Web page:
When I go off to my concert hall, I have a former student who used to come to my room and she always tells me, “I just remember you always let me come in during recesses when I couldn't handle being outside, you let me come in and play on the instruments” because it was her safe place, where she could feel relaxed, do what she wants and just be able to explore that musical side of herself and not deal with all the frustrations of recess time. Often very rarely where my classroom didn't have one or two kids in it at recess time.

One of my former students - she's in Grade 6 now, autistic, nonverbal - the first time she spoke was in rhythm in music class. She'd never spoken before. She'd never said hello, or mom, or dad or anything. And the first thing out of her mouth was “elephant kitty cat” and she was doing it with wooden spoons and it made that breakthrough for her. It opened up an avenue of communication that just kept growing as she stayed at the school. There was her first sense of communication, in the music room, when she was five and a half years old. It was like April so she [has] been in kindergarten since September, and one day she spoke. Her EA and I sat there went, “...She just spoke!” and I recorded it. Her EA and I were in tears because it was the first time that we had heard her speak, and her classmates as well. We shared it with the family and it was this brilliant breakthrough for her, but it was because of the power of music.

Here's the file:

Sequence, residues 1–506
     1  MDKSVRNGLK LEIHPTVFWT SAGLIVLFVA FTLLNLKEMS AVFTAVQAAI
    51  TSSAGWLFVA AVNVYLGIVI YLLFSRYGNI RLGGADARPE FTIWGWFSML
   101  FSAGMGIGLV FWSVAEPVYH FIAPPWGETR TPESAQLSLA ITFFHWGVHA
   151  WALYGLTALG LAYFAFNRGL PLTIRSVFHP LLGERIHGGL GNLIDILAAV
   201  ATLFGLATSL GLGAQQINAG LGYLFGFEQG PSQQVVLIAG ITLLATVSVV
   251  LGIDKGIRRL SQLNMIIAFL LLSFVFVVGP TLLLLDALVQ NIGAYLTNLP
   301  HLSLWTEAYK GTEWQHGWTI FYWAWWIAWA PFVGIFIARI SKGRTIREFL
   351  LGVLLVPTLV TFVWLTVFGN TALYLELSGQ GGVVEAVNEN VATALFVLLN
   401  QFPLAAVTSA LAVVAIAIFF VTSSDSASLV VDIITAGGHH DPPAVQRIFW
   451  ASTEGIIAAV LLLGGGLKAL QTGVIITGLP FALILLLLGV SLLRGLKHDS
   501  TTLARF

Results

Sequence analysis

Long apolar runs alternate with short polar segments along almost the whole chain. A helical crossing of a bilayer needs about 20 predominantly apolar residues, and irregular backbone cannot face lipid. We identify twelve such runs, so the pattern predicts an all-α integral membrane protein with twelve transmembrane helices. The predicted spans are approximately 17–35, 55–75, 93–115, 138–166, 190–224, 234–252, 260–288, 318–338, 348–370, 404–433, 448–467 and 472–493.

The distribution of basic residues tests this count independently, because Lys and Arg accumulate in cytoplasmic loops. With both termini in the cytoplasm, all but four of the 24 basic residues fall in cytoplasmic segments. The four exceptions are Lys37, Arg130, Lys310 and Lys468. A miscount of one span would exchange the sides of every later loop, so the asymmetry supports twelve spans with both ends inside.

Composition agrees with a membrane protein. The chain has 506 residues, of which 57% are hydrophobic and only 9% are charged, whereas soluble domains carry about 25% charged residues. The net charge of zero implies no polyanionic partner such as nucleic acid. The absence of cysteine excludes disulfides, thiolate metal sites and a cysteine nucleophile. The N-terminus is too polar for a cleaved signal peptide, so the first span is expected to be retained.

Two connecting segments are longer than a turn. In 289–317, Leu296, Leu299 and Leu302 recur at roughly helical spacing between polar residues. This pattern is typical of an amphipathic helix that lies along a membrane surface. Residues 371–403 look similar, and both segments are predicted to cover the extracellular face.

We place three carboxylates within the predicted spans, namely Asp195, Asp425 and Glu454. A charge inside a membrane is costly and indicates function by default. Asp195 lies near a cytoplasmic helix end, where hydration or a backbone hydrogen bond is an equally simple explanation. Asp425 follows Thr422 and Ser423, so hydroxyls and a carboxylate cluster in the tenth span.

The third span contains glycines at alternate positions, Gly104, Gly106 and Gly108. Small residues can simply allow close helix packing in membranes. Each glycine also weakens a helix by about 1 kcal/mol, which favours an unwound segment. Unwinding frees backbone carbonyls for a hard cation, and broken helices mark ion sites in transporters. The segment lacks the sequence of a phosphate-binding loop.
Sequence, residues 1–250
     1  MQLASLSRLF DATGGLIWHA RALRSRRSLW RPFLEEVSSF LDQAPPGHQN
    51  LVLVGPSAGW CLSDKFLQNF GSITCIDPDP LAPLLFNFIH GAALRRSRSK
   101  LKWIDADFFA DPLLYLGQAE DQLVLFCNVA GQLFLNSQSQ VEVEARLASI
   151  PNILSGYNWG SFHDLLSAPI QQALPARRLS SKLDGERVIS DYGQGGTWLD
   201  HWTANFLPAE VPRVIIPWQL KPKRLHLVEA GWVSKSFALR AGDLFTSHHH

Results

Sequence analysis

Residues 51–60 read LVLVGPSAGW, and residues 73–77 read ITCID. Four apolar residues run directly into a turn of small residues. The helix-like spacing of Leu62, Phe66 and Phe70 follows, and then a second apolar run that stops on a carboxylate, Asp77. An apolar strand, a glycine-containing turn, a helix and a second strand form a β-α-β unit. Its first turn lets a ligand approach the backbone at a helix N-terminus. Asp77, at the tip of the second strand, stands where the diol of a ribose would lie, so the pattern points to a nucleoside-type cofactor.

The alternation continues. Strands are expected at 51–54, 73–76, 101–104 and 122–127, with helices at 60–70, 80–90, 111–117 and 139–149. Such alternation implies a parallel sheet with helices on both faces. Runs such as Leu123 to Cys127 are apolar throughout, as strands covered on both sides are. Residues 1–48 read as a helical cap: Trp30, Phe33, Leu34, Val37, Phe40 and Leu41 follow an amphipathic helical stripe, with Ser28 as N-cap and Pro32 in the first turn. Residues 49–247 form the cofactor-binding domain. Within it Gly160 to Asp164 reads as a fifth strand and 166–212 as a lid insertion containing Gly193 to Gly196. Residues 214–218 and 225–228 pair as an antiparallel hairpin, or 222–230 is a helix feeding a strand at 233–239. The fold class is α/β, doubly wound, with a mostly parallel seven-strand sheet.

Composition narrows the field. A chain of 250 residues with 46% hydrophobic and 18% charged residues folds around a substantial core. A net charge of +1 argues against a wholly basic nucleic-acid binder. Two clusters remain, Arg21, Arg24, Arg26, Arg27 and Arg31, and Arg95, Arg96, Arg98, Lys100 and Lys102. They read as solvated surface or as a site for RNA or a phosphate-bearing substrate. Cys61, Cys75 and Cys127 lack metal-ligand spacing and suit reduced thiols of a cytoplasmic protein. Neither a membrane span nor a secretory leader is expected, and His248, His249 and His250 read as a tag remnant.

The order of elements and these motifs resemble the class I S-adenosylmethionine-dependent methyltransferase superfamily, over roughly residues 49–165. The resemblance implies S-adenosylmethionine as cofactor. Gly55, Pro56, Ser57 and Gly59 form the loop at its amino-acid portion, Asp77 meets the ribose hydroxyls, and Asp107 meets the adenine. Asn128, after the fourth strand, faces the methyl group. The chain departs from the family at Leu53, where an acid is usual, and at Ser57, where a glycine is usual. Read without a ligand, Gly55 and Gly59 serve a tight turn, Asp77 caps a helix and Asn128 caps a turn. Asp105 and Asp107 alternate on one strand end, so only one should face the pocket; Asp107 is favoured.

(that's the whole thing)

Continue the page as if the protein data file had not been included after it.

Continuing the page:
How did it feel coming back to Lakewood after you won and what kind of celebrations happened?

There were flowers on my desk, there was a whole display in our front hallway. I go outside every day for recess so [the kids] just came and swarmed me. I had a pile of homemade cards, books and everything and a lot of them had money in it because I was in charge of doing the video Lakewood live announcements. And so they heard that I had won $10,000 so they gave me [handrawn] $10,000 bills - it was really cute.

The kids were so excited when I could bring the JUNO in. When [we] did [the MusiCounts Teacher of the Year] video and was presented the JUNO there, it was really amazing and then all the kids got to see it. We took class pictures with it. I sent it to their classroom teachers and they sent it out to the parents. Their parents were sending me congratulations through text, and emails and stuff like that as well.